How to raise your credit score after a bankruptcy discharge

You may feed doomed about your credit score after a bankruptcy proceeding. However, there are ways to raise it.

Declaring bankruptcy can be a very good option for individuals suffering with debt. However, after the process, filers may endure a blow to their credit scores. If you have recently filed for bankruptcy, it is important to work on rebuilding your credit. You can be proactive about remedying your score and improve it drastically within two years.

Find out your score

As you begin your journey to healthier credit, you must first know your official score. When you apply for rental agreements, car loans, credit cards and more, a financial agency will look at your credit history in assessing your financial fitness. For this reason, it is important to be aware of where you stand. Once you have a solid idea of your credit status, you can then begin the improvement process.

You should retain a copy of your credit report and ensure there are no issues via an online credit reporting service. Generally, you can request one free copy of your credit report per year from Equifax, TransUnion, Experian and other agencies.

Practice solid payment habits

According to Yahoo! Finance, payments make up over 30 percent of your official credit score. Therefore, to help raise your number, it helps to make timely payments. It may be easier to set up calendar reminders or an automatic payment system to ensure you make payments on time.

Apply for more credit

If you did not have a major credit card account during your bankruptcy, it may be time to get one. To begin, you may have to start with a secured card, which involves a security deposit. However, eventually, you can transition into an unsecured payment option.

Remember, you do not need to retain a balance on your credit card to build credit. It is best to pay off the card each month in full. This will help with budgeting.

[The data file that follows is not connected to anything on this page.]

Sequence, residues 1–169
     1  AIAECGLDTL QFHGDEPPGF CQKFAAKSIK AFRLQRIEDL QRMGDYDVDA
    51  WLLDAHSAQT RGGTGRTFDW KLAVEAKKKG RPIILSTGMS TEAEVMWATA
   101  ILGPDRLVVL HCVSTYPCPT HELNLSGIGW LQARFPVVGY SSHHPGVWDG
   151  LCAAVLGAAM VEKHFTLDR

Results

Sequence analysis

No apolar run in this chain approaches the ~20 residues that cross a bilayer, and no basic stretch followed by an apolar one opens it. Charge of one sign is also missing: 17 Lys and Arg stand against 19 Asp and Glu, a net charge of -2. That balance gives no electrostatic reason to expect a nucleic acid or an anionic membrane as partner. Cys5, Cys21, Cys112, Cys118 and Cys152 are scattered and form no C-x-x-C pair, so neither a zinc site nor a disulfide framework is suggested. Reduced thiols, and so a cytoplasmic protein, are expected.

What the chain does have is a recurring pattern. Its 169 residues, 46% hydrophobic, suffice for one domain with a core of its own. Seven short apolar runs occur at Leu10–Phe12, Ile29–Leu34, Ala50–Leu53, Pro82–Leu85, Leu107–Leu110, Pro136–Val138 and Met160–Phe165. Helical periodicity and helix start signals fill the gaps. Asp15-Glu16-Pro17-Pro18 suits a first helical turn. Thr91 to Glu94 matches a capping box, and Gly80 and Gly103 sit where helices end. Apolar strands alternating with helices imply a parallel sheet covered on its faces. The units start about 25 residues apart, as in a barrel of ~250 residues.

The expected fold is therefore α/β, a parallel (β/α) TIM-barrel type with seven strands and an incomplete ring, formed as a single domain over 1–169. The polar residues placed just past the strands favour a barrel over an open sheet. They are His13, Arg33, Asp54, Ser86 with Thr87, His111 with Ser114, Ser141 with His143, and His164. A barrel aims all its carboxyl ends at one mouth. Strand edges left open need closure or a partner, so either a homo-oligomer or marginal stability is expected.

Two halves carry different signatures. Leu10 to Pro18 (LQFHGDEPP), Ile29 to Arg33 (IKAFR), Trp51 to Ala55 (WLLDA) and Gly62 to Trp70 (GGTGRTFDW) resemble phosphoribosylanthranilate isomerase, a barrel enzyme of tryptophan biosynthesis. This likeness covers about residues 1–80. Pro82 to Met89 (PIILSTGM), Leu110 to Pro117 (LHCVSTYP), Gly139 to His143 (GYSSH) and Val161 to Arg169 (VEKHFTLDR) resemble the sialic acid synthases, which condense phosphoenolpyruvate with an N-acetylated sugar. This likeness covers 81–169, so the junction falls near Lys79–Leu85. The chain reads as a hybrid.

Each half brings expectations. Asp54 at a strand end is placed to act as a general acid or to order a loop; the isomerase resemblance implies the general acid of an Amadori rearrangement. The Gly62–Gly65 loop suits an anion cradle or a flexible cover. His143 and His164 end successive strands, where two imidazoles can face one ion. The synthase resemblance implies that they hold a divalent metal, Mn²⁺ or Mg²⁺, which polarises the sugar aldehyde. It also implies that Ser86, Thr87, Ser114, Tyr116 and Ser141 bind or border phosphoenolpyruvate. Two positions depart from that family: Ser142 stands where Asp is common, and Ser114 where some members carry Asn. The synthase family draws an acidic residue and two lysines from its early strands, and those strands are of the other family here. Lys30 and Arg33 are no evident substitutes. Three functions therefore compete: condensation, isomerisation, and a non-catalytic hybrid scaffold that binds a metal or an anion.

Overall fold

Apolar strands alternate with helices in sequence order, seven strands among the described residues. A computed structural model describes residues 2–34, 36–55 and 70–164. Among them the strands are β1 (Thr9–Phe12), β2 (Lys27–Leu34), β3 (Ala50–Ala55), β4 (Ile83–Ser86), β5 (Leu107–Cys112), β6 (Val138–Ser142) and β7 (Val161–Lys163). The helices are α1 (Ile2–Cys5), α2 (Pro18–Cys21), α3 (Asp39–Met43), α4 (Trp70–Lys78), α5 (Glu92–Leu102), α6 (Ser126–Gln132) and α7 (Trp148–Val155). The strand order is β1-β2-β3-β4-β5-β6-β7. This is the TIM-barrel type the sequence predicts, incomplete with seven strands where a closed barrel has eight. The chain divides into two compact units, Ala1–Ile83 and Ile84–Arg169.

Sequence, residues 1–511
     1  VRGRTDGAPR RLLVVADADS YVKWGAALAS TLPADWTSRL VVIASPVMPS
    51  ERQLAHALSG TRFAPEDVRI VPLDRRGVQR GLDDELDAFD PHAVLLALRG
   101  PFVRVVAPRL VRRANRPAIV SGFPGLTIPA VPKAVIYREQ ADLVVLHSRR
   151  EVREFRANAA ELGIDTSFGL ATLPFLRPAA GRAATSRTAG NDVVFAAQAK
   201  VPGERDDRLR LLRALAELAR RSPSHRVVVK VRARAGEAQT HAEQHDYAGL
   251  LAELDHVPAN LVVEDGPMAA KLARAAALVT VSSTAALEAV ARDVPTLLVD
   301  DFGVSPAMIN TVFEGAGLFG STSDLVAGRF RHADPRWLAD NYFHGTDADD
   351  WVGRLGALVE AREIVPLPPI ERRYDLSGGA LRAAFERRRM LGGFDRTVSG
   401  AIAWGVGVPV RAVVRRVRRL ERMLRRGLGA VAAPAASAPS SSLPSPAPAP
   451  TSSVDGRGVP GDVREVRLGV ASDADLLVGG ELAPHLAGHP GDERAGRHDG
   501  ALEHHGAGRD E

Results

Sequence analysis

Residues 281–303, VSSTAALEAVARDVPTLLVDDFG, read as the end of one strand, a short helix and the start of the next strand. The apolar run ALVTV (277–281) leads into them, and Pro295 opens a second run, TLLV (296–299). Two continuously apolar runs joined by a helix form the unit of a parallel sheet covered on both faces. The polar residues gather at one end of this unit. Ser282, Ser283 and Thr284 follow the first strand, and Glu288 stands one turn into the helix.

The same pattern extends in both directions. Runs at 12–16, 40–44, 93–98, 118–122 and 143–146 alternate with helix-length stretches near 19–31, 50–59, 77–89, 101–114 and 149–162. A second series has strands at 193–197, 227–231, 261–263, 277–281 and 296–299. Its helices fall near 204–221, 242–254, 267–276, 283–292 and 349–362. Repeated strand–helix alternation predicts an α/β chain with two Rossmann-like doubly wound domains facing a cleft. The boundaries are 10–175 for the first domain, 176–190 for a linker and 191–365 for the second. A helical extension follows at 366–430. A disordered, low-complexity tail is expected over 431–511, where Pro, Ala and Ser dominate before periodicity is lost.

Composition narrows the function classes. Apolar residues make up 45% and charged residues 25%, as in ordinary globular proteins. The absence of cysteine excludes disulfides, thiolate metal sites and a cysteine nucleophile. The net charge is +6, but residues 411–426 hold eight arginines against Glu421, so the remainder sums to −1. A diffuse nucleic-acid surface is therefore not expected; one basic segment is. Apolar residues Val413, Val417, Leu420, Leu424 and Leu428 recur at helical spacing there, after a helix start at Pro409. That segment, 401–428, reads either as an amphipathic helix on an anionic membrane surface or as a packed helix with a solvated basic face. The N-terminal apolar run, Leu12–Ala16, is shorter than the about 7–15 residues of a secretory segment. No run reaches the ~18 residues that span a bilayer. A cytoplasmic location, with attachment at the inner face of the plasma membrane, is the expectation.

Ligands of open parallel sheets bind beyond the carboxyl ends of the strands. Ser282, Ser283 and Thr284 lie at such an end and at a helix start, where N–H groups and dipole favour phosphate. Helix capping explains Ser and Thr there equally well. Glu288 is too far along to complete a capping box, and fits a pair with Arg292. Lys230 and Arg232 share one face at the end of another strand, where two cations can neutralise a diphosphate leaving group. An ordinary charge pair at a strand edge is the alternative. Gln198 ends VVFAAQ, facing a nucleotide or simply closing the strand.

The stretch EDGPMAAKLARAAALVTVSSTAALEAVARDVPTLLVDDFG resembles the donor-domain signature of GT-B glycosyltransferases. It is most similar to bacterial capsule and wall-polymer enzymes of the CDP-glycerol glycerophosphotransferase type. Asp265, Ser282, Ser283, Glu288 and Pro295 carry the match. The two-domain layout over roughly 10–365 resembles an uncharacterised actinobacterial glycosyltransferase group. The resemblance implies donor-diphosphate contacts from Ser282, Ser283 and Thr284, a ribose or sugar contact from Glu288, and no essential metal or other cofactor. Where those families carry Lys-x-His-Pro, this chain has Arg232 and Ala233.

Secure a loan

A few years after the bankruptcy proceeding, you may be ready for a loan. Of course, the interest rate may be higher at first. Nevertheless, once you raise your credit, the interest rate on loans will decline. An inexpensive car loan might be a good start. This will help increase your credit number.

Do not close accounts

While you may think closing credit accounts can help your financial situation, this is not true. Closing credit cards reduces the amount of available credit, thus lowering your score. Instead, it is better to keep credit lines open. If you fear spending, simply hide or destroy your credit card.

Set limits

Once you begin the process of rebuilding credit, it helps to understand your limits. You do not want to fall in the hole again. It is important to stay aware of balance amounts and always budget your money.

Building your credit takes time

The aforementioned tips can help build your credit score; yet, the process takes time. Do not give up. With the help of legal guidance and financial counseling, you can ensure that a better financial future is in sight.

Keywords: credit, score, bankruptcy, debt

Our Team

Aaron A. WernickAaron A. Wernick
My restructuring and insolvency practice focuses on helping businesses, investors, and individuals maintain current assets and business structure while reducing existing debt load.

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Alvin S. GoldsteinAlvin S. Goldstein
Achieving success means caring about my clients, often providing financial advice to address their whole situation, not just the bankruptcy.

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Jason S. RigoliJason S. Rigoli
I utilize my understanding of business and knowledge of bankruptcy law to help clients thrive in the future.

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Marc P. BarmatMarc P. Barmat
I always keep in mind how to provide the best financial benefit to my clients, helping them to retain as many assets as possible and move forward with their lives or businesses.

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Alan R. CraneAlan R. Crane
Whether in bankruptcy or divorce, my goal is to help clients find creative solutions to complex problems so they can move forward from a very difficult time to a brighter more secure future.

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Robert C. FurrRobert C. Furr
The Bankruptcy code is complex and constantly evolving. I give clients the benefit of expertise and experience in utilizing the law successfully to protect their interests.

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Charles I. CohenCharles I. Cohen
I feel like I've accomplished something when I help people navigate a difficult stage and move forward with their lives.

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